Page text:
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|The 2nd Annual Afrofunk Music Festival|
|Date||Thursday July 27|
|Time||9:00 PM - 3:00 AM|
|Import this event into your personal calendar.|
Moe's Alley - Santa Cruz
1535 Commercial Way, Santa Cruz, CA
|fanny [at] afrofunk.org|
|Address||530 Divisadero Street, #243 San Francisco, CA|
fanny [at] afrofunk.org
FOR IMMEDIATE RELEASE
"Bring Your Dancing Shoes" to the Afrofunk Festival, July 27- 29, 2006
Annual Save the Children Benefit Expands To Three Nights Across Three Cities
SAN FRANCISCO, CA / July 5th, 2006 -- The Afrofunk Festival, the world’s first and only Afrobeat Festival, returns with extra funk for its second year with a three-day tour—July 27 to 29—of San Francisco, Los Angeles, and Santa Cruz. This year’s festival brings together world-renowned musicians from across the globe to raise money for children in Sudan, Niger, and Kenya whose lives have been devastated by war and famine. The Afrofunk Festival will once again donate proceeds to the Save the Children Emergency Relief Fund.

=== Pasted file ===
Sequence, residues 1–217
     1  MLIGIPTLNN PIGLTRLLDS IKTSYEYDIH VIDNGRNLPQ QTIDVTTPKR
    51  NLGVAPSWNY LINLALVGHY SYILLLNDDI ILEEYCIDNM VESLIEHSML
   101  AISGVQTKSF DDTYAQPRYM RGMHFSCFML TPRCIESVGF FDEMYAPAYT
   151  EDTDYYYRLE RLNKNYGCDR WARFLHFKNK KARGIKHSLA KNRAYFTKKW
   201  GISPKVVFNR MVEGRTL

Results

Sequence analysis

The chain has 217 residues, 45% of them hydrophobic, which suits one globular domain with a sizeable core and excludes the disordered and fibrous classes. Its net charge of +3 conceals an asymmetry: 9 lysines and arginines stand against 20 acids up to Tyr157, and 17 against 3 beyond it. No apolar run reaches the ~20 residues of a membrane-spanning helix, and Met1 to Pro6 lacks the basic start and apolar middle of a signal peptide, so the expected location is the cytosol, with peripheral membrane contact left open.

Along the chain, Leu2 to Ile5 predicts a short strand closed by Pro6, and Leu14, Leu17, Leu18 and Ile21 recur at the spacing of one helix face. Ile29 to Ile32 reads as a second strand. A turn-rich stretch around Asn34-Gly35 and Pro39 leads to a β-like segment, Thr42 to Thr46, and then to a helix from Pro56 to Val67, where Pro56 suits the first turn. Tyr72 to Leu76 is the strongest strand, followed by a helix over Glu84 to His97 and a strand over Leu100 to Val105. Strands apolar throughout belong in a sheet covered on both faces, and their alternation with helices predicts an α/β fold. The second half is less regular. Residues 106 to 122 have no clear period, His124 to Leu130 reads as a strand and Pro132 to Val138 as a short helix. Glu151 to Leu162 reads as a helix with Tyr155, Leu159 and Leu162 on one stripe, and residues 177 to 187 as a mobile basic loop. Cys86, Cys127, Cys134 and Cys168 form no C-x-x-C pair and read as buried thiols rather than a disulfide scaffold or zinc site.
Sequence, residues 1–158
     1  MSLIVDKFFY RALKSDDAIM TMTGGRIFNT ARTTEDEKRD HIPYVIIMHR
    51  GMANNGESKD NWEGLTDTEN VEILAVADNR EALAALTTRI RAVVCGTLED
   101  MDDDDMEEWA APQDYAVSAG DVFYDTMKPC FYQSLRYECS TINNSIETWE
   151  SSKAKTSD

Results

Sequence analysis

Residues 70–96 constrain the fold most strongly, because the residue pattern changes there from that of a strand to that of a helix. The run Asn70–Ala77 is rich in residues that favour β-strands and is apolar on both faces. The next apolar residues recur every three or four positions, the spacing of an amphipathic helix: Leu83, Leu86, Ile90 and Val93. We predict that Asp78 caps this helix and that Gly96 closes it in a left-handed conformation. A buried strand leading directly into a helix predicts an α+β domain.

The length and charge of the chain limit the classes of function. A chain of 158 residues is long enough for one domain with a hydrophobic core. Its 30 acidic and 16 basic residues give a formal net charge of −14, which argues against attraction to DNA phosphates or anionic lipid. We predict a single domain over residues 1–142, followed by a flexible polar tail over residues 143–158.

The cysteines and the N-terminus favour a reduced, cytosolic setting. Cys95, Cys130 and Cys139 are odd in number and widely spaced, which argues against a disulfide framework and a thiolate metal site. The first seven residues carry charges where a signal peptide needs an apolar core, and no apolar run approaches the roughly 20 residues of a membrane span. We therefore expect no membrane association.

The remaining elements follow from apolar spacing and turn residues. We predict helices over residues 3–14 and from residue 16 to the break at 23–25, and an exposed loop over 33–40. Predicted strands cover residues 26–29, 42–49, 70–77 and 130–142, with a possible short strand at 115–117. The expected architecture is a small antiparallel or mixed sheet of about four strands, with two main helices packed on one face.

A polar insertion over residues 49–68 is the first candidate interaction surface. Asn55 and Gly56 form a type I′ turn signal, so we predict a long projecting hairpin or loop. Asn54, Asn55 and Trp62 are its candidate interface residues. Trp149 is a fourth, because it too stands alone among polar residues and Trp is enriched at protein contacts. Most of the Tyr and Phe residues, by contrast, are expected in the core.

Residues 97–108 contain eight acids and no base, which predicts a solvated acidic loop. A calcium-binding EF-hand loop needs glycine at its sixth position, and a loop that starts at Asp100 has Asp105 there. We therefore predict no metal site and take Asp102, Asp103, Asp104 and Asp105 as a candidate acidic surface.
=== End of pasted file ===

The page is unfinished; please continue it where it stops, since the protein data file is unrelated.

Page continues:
Headlined by festival producer Sila and the Afrofunk Experience, the lineup for 2006 also includes legendary kora master Prince Diabate, Afrobeat heavyweight Jujuba, the only American band to ever perform at Fela Kuti’s shrine in Lagos, Nigeria—Aphrodesia, all-female Brazilian funk band Goddess of Funk, and Liberia’s DJ Jeremiah.
All the artists are excited about performing together in front of the festival’s large crowds, and yet all recognize the gravity of the cause that brings them there. “The festival is a huge party—it’s about dancing, grooving, and just creating a fun, positive atmosphere. But ultimately, we’re here to raise awareness and money to fight the tragic famine and genocide happening right now to children and families in Sudan, Niger, and my own country, Kenya,” says Sila Mutungi, festival producer and lead singer of Sila and the Afrofunk Experience.
In July 2005 the Afrofunk Festival debuted to sellout crowds and critical acclaim; this year’s performance promises to exceed last year’s success. And with more than 1 million children affected by the crisis in Darfur alone, the festival’s organizers and artists will look for all the help they can get in their fundraising efforts. “It’s been particularly hard to get corporate sponsorship for this year’s event. This festival would not be possible without donations from performing artists and from the people in the community,” Sila adds.